By Shawn Raymundo
A city council vote allowing the developer of a proposed affordable housing facility for seniors to begin securing funding for its construction brought the project another step closer to breaking ground.
Following a few months of negotiations, councilmembers voted unanimously Tuesday, July 16, to approve a resolution setting the terms for C&C Development to acquire city-owned property called the Groves and build a 75-unit apartment complex for low-income seniors.
The property where the project would sit is located on the northwest corner of Camino Capistrano and Junipero Serra Road, across from JSerra Catholic High School and Silverado San Juan Capistrano Memory Care Community.
The project’s price tag is just shy of $40 million—up from the $23.2 million initially estimated in April—which C&C is expected to pay for, in large part, with tax-exempt bonds from the state and partnership equities, according to the city.
Nearly $9 million will come from the city through loans, $4.1 million of which is what C&C will eventually pay for the transfer of the Groves.
Under the terms of the newly approved Affordable Housing Disposition and Development Agreement (DDA) with C&C, and its partner Sean Rawson, the city will provide a $4.8 million loan from the Housing In-Lieu Fee—the city’s program to collect money from residential developers to pay for affordable housing.
San Juan’s municipal code requires new residential developments to dedicate at least 10% of its units as affordable. Developers can opt-out by either helping the city construct affordable housing in another location or pay the Housing In-Lieu fee that is calculated using housing market variables.
“Those fees are restricted to only be used on housing developments, so the use of the site for the development of affordable senior housing really works hand-in-hand,” said Laura Stokes, the city’s housing supervisor and associate planner.
Stokes also noted that one aspect the city required of C&C is to give preference to San Juan Capistrano residents and those who work within the city limits.
C&C will be responsible for repaying the city the $8.9 million through receipts from its housing development operation, according to the city.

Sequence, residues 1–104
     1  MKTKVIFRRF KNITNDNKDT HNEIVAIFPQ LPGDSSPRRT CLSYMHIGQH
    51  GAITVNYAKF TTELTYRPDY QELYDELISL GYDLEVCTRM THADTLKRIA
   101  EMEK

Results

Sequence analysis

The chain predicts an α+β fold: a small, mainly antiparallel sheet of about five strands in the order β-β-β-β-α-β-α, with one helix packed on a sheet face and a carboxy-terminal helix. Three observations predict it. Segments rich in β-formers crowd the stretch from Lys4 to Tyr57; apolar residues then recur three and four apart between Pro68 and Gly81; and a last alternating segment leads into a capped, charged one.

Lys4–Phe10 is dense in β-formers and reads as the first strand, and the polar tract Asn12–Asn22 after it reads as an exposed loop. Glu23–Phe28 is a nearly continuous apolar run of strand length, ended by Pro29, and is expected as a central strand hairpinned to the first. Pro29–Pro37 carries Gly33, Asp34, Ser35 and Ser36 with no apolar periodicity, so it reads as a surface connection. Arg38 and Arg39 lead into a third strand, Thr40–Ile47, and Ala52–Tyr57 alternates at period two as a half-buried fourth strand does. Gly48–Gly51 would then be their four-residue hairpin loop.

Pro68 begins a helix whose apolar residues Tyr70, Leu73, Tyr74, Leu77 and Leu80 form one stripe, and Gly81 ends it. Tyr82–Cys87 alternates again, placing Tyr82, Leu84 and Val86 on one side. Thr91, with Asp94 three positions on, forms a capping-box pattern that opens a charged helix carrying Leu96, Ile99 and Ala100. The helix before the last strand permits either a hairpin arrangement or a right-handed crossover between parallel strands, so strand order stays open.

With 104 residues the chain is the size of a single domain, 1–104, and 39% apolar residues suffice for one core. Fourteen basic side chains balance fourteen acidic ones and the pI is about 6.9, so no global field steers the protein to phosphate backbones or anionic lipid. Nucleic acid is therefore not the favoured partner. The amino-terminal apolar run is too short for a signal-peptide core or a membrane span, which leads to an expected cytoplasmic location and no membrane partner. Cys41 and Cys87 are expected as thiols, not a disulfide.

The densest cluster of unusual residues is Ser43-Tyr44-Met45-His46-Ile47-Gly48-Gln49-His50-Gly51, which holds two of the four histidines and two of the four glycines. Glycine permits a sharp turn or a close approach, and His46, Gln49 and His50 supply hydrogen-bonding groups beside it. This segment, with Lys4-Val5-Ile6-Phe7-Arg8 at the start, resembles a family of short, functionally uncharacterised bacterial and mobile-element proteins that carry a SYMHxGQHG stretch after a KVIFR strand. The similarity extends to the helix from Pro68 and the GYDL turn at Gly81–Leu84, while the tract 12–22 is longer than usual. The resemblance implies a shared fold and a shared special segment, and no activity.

The developer’s current plan for the project is to build a three-story complex to house 75 units to accommodate seniors aged 62 and older who qualify for either low-, very low- or extremely low-income housing.
One of the housing units will be reserved for an on-site manager, while 10 are intended as permanent supportive housing for extremely low-income seniors. Another two units will go to very-low-income seniors, and the remaining 62 will be used for low-income seniors.
The building is set to incorporate Mediterranean architecture and the rest of the site will include space for 75 parking stalls, a walking path around the complex for residents and a small dog-park area.
Addressing the council during the public hearing portion of the topic, San Juan resident Ann Ronan spoke highly of C&C, noting that she recently toured another one of the developer’s facilities in Sana Ana.
“They know what they’re doing,” she said of the developer.
She also said the project’s inclusion of 10 permanent supportive housing units was the right direction for the city.
Todd Coddle, a principal with C&C, told the council the development team is excited about the site and its layout. He also assured the council that C&C wouldn’t just build the facility and later sell it, stating that they’re “long-term owners.”
“We joke with the cities that you get us for life. We’ve never sold an affordable community that we developed,” he said.
The next city council meeting is scheduled for Aug. 6.
Shawn Raymundo is the city editor for The Capistrano Dispatch. He graduated from Arizona State University with a bachelor’s degree in Global Studies. Before joining Picket Fence Media, he worked as the government accountability reporter for the Pacific Daily News in the U.S. territory of Guam. Follow him on Twitter @ShawnzyTsunami and follow The Dispatch @CapoDispatch.
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